With Lothrup Stoddard, and C. C. Little Sanger founded the American Birth Control League in 1921. The next year, she married oil tycoon James Noah H. Slee.In 1923, she established, under the auspices of American Birth Control League, the Clinical Research Bureau, the first legal birth control clinic in the US (renamed Margaret Sanger Research Bureau in her honor in 1940). That year, she also formed the National Committee on Federal Legislation for Birth Control and served as its president of until its dissolution in 1937 after birth control under medical supervision was legalized in many states. In 1927, Sanger helped organize the first World Population Conference in Geneva.

In 1928, Sanger resigned as the president of the American Birth Control League. Two years later, she became president of the Birth Control International Information Center. In 1937, Sanger became chairperson of the Birth Control Council of America and launched two publications, The Birth Control Review and The Birth Control News. From 1939 to 1942, she was an honorary delegate of the Birth Control Federation of America. From 1952 to 1959, she served as president of the International Planned Parenthood Federation; at the time, the largest private international family planning organization.

In the early 1960s, Sanger promoted the use of the newly available birth control pill. She toured Europe, Africa, and Asia, lecturing and helping to establish clinics.

Sanger died in 1966 in Tucson, Arizona at age 87 only a few months after the landmark Griswold v. Connecticut decision, which legalized birth control for married couples in the US. It was the apex of her fifty-year struggle.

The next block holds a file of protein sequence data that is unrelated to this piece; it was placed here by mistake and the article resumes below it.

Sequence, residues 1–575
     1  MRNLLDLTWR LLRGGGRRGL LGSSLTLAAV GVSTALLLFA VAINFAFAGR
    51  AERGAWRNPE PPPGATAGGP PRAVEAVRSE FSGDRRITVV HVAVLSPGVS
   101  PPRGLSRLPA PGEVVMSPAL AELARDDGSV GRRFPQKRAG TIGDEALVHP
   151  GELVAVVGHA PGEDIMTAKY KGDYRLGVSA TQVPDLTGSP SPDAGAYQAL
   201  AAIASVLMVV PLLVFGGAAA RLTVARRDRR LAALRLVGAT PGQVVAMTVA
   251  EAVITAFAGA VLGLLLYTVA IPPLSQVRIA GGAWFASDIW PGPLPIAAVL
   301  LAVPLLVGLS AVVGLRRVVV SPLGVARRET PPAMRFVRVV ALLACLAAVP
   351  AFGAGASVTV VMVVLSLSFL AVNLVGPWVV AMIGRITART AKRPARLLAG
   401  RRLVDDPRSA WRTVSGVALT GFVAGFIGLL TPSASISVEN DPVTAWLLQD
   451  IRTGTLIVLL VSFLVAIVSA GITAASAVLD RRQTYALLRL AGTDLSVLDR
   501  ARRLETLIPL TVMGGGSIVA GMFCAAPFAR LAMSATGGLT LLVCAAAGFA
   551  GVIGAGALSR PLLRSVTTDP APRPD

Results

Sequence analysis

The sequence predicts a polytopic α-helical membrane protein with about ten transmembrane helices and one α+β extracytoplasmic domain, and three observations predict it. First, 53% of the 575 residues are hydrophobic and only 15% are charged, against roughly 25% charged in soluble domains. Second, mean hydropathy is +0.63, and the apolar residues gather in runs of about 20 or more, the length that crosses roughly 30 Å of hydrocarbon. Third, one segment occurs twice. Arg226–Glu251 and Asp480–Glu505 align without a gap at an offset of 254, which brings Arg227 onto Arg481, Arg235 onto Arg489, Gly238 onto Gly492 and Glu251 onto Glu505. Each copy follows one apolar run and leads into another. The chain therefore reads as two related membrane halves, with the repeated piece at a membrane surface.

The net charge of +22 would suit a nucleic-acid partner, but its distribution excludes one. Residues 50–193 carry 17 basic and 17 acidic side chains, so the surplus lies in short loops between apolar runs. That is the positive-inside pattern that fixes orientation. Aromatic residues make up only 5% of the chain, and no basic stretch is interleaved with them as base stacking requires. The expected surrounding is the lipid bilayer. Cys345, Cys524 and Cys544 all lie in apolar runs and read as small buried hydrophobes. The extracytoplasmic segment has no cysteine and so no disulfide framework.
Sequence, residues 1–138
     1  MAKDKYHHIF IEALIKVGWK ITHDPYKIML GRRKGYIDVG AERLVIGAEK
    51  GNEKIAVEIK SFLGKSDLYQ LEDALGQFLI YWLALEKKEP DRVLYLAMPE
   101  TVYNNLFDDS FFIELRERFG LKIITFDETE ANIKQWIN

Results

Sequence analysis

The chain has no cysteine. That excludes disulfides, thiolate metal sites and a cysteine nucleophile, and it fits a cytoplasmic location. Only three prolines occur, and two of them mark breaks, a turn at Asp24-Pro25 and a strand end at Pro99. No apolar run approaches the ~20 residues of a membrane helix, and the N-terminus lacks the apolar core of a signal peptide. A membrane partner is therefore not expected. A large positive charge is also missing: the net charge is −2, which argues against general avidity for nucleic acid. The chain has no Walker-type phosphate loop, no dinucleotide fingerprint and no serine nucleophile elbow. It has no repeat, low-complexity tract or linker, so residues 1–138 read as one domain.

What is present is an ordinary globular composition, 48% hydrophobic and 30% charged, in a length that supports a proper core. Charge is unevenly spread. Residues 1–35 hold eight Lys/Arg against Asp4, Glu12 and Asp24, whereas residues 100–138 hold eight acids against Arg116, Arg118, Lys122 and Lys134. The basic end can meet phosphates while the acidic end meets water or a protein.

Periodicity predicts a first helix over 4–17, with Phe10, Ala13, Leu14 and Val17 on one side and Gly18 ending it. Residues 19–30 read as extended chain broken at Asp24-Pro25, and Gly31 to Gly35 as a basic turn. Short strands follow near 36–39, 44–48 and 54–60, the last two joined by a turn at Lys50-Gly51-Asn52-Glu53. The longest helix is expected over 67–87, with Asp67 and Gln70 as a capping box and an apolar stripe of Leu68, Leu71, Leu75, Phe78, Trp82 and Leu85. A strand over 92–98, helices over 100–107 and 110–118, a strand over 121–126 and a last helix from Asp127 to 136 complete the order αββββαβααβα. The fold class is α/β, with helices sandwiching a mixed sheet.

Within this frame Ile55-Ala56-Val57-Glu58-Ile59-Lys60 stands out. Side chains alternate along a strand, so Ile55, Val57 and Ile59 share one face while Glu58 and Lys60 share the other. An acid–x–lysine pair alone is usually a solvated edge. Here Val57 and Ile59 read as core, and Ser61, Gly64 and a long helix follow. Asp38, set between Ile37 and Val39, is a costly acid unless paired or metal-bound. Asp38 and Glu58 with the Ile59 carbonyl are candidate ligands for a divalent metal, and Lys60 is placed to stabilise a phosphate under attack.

Sanger's books include Woman and the New Race (1920), Happiness in Marriage (1926), and an autobiography (1938).

Philosophy

Although Sanger was greatly influenced by her father, a freethinker, her mother's death left her with a deep sense of dissatisfaction concerning her own and society's medical ignorance. She also criticized the censorship of her reproductive literacy message by the civil and religious authorities, justified on moral grounds, as an effort by men to keep women in submission. An atheist, Sanger attacked the Christian church for its opposition to her message, blaming it for obscurantism and insensitivity to women's concerns. Sanger was particularly critical of the lack of awareness of the dangers of and the scarcity of treatment opportunities for venereal disease among women. She claimed that these social ills were the result of the male establishment's intentionally keeping women in ignorance. Sanger also deplored the contemporary absence of regulations requiring registration of people diagnosed with venereal diseases (which she contrasted with mandatory registration of those with infectious diseases such as measles).